Print Screen.

Capturing screenshots on our devices has never been easier. All it takes is the click of a button or a keyboard shortcut, and we can save whatever we are seeing. This can often lead to a form of digital hoarding, where we are compelled to collect everything we find fleetingly interesting, even as we do not always know what we will use it for later. The drive to capture and save mirrors the imperatives and mechanisms of surveillance capitalism, where data and information is constantly harvested by powerful interests, often unwittingly, from those using digital systems.

Curated by Roopa Vasudevan & Walker Tufts. Featuring Abby Sheahan, Abdullah Alfaresi, Adam Cooper-Terán, agnieszka kubicz, AK Ocol, Aki Charland, Alex Nathanson, Alex Schechter, Aliya Bonar, Alyssa Keil, Amelia Marzec, Amir Badawi, Ana Ratner, Anaïs Ornelas, Andrew Cerrito, Angela Salma Lou Andal, Angela Washko, Ani Kington, Annabel Scott, Ashley Obstarczyk, Astrid Nobel, Ben Dawson, Bola Chinelo, Bruna Calheiros, Burcu Arslan, Caleb Cass, Caley English, Cameron Murphy, Carmen Martinez, Caroline Sinders, Celine Lassus, Chanel Pepino, charles eppley, Charlotte G. Chin Greene, Chris Richards, Chris Horner, Chris Wray, Christina Freeman, Collin Pollard, Dani Brown, Daniela Olejnikova, Daria Goncharova, Daupo Gassaway, Deanna Emmons, Elicia Epstein, Ellen Miller, Ellen Ogden, Ellie Schumann-Mraz, Emily Rothstein, Emmy Bright, Emmy E Smith, Eric Moed, eva ursprung, Eva Davidova, Federico Crespi, Fernando Hermógenes, Finnegan Shannon, Fletcher Bach, Frank Romano, Grace Wong, Greta Gareth, Gustavo Gomez-Mejia, Haeun Na, Hannah O’Rourke, Hannah Patteson, Heather Kapplow, Heather Palmer, Jake Lahah, Jakob Schreiter, James Voges, Jemila MacEwan, Jess Dutschmann, Jessica Sinks, Joan Nobile, Johnson & Jeison, Jon Henry, Jonathan Sherwood, Jordan Shaw, Jos Weinberg, Joshua Archer, Joshua Novak, Juniper Monypenny, Justyna Wieczorkowska, Kareena Solanki, Katy Molinaro, Kelly Sedlacek, KT Pe Benito, Kylie Naylor, Lily LaGrange, Loraine Wible, Luca Lotruglio, Lucía Cozzi, Lynn Heine, Ma-Nya Champagne, Maddie Lychek, Madeleine Conover, Madeline Zappala, Marian Wiesler, Mariko Hori, Mark Finks, Mark Inchoco, Mark Fingerhut, Martin Kanev, Mary Zhou, Maryam Faridani, Maureen Catbagan, Maxwell Davis, Meghna Rao, mehryl ferri levisse, Michael Chernoff, Molly Pearson, Monique Milleson, Naija Boles, Naomi Scully, Natalie Hijinx, Nate Ely, Nicole Kouts, PeiXin Liu, Rebecca Forstater, Richard Lewei Huang, Robert George, Robert Carey, Rodrigo Nava Ramirez, Roopa Vasudevan, Ryley O'Byrne, Sabrina Skinner, Sage Allen, salem browning, Sallie Sanders, Sarah Dahlinger, Scott Fitzgerald, Scout Stuart, Shar Heck, Sleth Larson, Soda, Stephanie Niu, Stephanie Bursese, Stephen McLeod, Steven Hedley, Susan DiPronio, Tanya Boyarkina, Tasneem Lohani, Taylor Robers, Teresa Sholes, Thaïs Lenkiewicz, Tiffany K. Smith, Timothy McCool, Tina Borchert, Trasonia Abbott, Trusten Murrah, Tyler Kline, Valentina Farantouri, Vanessa Murrell, Vasiliki Betsou, Vav Vavrek, Veronica Laminarca, Violet Ciotti Rashad, Walker Tufts, Walker Spalek, Whitney Kehl, Yishu Wang, Zach Ozma, Zelikha Shoja.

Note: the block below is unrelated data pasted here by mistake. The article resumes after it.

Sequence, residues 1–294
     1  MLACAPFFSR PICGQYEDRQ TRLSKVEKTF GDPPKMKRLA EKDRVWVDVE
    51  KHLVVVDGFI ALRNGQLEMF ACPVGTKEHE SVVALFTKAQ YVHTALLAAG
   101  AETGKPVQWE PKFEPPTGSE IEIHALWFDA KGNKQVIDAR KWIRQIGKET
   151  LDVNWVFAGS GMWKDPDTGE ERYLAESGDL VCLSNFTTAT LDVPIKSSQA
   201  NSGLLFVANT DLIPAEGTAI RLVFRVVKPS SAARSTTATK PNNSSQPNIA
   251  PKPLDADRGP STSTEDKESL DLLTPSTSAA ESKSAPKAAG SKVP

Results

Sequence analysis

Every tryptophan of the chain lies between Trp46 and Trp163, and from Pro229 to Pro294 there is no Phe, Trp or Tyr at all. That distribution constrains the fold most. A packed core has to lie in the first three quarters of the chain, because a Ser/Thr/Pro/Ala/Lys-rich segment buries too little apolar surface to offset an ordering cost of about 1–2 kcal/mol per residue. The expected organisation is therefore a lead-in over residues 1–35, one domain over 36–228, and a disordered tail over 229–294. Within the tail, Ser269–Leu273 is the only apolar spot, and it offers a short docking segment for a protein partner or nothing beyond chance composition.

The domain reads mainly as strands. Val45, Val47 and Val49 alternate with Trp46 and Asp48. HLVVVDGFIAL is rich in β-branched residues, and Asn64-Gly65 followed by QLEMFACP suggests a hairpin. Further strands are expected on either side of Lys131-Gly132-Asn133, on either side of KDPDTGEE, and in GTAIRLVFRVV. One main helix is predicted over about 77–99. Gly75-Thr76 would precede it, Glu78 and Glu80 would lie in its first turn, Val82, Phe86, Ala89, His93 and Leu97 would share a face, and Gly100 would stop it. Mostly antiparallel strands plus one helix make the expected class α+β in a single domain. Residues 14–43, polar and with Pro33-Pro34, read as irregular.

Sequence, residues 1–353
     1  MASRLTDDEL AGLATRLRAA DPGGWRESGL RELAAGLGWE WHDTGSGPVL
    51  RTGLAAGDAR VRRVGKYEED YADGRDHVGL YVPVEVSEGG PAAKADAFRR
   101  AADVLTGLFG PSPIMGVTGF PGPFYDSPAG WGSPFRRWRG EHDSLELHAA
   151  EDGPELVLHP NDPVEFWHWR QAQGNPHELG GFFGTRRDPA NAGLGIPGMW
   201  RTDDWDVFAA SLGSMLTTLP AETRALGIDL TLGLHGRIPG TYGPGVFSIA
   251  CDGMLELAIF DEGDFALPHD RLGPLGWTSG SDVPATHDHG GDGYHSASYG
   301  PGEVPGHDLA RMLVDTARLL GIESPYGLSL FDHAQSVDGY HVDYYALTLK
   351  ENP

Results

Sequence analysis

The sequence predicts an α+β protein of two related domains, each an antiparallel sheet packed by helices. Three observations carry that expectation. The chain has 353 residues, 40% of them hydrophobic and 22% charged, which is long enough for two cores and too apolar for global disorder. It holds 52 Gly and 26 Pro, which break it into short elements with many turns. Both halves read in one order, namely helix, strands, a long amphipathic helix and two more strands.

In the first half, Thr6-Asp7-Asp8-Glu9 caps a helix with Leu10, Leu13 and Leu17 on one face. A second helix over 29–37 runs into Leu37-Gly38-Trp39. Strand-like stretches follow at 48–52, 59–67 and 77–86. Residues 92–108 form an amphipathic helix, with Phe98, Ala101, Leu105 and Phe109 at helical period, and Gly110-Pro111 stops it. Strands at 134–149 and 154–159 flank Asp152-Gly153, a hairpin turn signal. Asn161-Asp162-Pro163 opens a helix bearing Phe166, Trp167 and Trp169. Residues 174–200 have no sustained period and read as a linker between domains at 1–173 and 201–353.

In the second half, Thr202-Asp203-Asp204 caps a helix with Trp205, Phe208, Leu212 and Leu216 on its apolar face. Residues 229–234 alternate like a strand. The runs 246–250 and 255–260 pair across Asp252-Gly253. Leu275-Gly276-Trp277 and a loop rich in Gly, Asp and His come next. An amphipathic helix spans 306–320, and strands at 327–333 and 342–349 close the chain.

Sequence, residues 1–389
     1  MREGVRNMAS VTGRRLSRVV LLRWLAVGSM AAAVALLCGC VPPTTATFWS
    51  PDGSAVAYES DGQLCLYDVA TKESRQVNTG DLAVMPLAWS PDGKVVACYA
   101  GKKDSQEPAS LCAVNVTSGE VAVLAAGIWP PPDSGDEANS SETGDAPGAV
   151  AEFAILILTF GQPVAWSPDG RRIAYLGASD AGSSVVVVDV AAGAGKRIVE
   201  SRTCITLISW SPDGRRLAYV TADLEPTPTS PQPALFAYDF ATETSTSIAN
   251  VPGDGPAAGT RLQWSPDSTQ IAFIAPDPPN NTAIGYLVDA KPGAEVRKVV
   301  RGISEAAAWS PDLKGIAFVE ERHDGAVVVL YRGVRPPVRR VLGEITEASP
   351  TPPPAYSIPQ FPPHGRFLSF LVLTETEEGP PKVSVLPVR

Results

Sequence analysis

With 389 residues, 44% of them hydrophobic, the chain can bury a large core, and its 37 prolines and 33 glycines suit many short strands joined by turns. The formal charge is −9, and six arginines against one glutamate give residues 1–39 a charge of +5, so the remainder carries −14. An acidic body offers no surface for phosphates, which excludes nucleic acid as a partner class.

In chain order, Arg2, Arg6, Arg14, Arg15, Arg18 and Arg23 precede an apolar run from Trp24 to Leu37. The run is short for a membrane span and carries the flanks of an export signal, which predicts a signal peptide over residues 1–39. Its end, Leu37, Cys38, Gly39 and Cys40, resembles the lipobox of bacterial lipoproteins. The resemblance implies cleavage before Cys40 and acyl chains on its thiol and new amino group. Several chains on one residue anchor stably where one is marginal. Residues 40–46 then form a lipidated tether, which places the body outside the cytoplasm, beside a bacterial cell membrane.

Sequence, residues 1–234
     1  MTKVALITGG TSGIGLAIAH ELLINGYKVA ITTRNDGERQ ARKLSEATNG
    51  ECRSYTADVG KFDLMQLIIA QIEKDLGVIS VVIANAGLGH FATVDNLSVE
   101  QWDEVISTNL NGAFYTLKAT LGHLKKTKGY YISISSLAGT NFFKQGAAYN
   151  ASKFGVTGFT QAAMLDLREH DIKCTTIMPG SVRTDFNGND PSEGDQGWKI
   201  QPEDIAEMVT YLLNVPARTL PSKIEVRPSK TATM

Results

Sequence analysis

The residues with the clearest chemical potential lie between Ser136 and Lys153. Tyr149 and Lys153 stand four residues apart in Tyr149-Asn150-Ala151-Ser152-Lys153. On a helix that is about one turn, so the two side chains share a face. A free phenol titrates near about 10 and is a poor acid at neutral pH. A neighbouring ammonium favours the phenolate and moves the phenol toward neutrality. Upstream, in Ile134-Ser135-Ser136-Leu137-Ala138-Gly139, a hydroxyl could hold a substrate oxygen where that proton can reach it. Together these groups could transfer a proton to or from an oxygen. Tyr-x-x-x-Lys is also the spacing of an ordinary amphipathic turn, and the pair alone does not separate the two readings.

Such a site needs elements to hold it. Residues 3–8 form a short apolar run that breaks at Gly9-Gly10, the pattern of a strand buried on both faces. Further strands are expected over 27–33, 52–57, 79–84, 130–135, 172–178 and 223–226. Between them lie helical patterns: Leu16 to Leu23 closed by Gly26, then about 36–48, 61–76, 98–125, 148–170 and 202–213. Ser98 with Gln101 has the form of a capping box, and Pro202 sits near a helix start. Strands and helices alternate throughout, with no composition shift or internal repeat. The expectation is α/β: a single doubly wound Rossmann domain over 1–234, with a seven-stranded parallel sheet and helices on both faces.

Enter pavilion.


About.


The Wrong Biennale is an independent, multicultural, desentralised and collaborative international art biennial founded in 2o13 by David Quiles Guilló, and organised by The Wrong Studio.

The Wrong has grown to become a massive international community and a global reference in the art scene, bringing together curators, artists and institutions, online and offline, every two years, garnering praise from worldwide press, art community and public, and rendering institutional recognition and awards like SOIS Cultura and the honorific mention by European Commission S+T+ARTS prize.

A melting pot for the established, the emerging and the underrepresented, to explore creativity and digital culture in a positive and constructive way, The Wrong showcases a wide range of cultures, styles, and mediums to a global audience, fostering a more inclusive and diverse digital art scene, and encouraging artistic growth and experimentation.

The Wrong Biennale has featured work by over ten thousand artists and curators, showcased in over seven hundred pavilions, embassies and institutions around the world.

Next events.


2o25/26. Nov. 1, 2o25 - Mar. 1, 2o26.
2o27/28. Nov. 1, 2o27 - Mar. 1, 2o28.
2o29/3o. Nov. 1, 2o29 - Mar. 1, 2o3o.


Credits.


2o13/14. Nov. 1, 2o13 - Jan. 31, 2o14.
2o15/16. Nov. 1, 2o15 - Jan. 31, 2o16.
2o17/18. Nov. 1, 2o17 - Jan. 31, 2o18. 
2o19/2o. Nov. 1, 2o19 - Mar. 1, 2o2o.
2o21/22. Nov. 1, 2o21 - May. 1, 2o22.
2o23/24. Nov. 1, 2o23 - Mar. 31, 2o24.


Thank you.


To all participants, team and council members, institutions, press, donors, visitors and friends for the positive energy, the support and the dedication over the years.


Press.


“Actively shaping the narrative of what artistic expression in the digital age can be.“ - Fakewhale.xyz

“Counting its viewership in the millions, The Wrong just might be the world’s largest art biennale — The digital world’s answer to Venice.” - The New York Times.

“Exploring the unconventional with a deep sense of community and diversity.” - CLOT.

“A sign of hope for a new wave of artists.” - STIR.

“An alternative yet ambitious new path, The Wrong is a concept that could prove key to the flourishing of the arts and culture in post pandemic times.” - S+T+ARTS Jury.

For more links visit press.


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Biennale.

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